Despite the pressures and distractions of life in London, over 300 people gave up their own time for no benefit (other than a very nice Pret sandwich or two) but out of real concern, empathy and anger.

These volunteers were out late on a Monday night after a day’s work knowing that they would not get to bed until the early morning, a tribute both to their generosity and altruism but also to the good work of all the organisations that collaborated on this registry week.


They went to the Romanian church in Holborn to encourage their congregation to get involved – that’s how Rosa joined us! They sent an email to people who signed up for a Westminster leisure card – yay! Alex brought in her good sense and 4 languages. They wrote to local businesses and yes, the amazing Marta – so calm, so confident, so sensitive, became our group leader for the evening (you would have thought she had been doing it for years not just a few hours training on the previous  Sunday).blog_WHATdebriefevent

Seeing these young women sitting down with people in doorways and dark alleys in Covent Garden, gaining the trust of people whose life on the street has led them to build walls of mistrust and fear was remarkable. They were asking some really difficult and personal questions to individuals living on the streets about their histories, experiences, physical and mental health, abuse, and about the difficult path that led them to sleeping rough on the street. Not a destiny anyone chooses freely.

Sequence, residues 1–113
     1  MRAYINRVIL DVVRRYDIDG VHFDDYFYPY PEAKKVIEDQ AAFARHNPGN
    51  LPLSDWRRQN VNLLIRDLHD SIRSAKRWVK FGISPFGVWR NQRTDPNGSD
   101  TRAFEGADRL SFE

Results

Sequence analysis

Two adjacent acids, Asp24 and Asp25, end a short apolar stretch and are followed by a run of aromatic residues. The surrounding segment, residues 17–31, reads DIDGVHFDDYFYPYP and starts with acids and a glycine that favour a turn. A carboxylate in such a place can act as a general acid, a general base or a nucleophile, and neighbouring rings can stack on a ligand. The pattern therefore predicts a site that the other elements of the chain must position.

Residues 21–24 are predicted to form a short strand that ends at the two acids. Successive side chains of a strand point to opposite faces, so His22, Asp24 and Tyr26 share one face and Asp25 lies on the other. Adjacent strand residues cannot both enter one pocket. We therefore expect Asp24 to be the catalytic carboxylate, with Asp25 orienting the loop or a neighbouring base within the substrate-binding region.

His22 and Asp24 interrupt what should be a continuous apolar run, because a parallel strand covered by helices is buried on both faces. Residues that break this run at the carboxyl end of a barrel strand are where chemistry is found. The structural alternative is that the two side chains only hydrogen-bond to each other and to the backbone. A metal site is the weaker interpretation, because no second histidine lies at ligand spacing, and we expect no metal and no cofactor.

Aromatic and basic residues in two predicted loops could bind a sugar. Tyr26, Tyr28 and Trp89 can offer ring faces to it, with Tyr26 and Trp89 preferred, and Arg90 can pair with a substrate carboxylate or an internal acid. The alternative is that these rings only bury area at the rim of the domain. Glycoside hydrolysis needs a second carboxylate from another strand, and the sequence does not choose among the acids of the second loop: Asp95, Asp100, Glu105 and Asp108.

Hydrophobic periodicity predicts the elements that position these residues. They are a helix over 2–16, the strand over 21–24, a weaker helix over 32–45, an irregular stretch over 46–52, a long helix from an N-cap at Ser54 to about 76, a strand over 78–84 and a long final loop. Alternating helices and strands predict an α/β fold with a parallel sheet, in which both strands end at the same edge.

These young women give me hope for the future in these perilous times of uncertainty and the economy having the harshest effect on those least able to manage. We know many of those new to the hard life on the street are themselves young and their life chances damaged by changes to essential subsidies for sky high London rents and new requirements.   This leaves young people, who are poor and alone, with minimal resources and no right to find a home of their own including if they need help with their rent or ways to afford decent accommodation. Overall damaging government decisions have led to a dramatic rise in young people having to sleep rough on London streets.

blog_debriefWHAT_event_thankyouAlex, Dana, Marta and Rosa, with Lloyd’s wise guidance and the commitment and expertise of all those involved in Westminster Homeless Action Together, generously and courageously made a decision. They did not just walk on by and ignore those who are sleeping rough but chose to sit down with them and share their common humanity. They listened to the stories of their lives and the unhappy path that led them to enduring hard nights on London streets.  These dedicated volunteers went out on the streets of Westminster late on a muggy Monday night armed only with their empathy, goodwill and the surveys, to help us all gain a real understanding of the lives of homeless people and the urgent need to end street homelessness now.

Lyndall Stein is working on behalf of World Habitat on the evaluation of the campaign.